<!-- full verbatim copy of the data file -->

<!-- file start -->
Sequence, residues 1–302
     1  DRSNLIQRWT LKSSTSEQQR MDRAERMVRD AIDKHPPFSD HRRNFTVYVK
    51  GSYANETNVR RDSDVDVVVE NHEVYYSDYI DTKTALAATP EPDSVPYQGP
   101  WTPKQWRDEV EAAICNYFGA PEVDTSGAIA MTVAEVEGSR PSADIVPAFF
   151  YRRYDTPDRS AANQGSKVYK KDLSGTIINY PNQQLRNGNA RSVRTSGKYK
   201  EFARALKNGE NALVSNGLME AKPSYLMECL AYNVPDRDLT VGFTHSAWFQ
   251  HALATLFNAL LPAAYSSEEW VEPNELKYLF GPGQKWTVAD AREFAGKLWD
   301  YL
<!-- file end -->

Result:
Sequence, residues 1–302
     1  DRSNLIQRWT LKSSTSEQQR MDRAERMVRD AIDKHPPFSD HRRNFTVYVK
    51  GSYANETNVR RDSDVDVVVE NHEVYYSDYI DTKTALAATP EPDSVPYQGP
   101  WTPKQWRDEV EAAICNYFGA PEVDTSGAIA MTVAEVEGSR PSADIVPAFF
   151  YRRYDTPDRS AANQGSKVYK KDLSGTIINY PNQQLRNGNA RSVRTSGKYK
   201  EFARALKNGE NALVSNGLME AKPSYLMECL AYNVPDRDLT VGFTHSAWFQ
   251  HALATLFNAL LPAAYSSEEW VEPNELKYLF GPGQKWTVAD AREFAGKLWD
   301  YL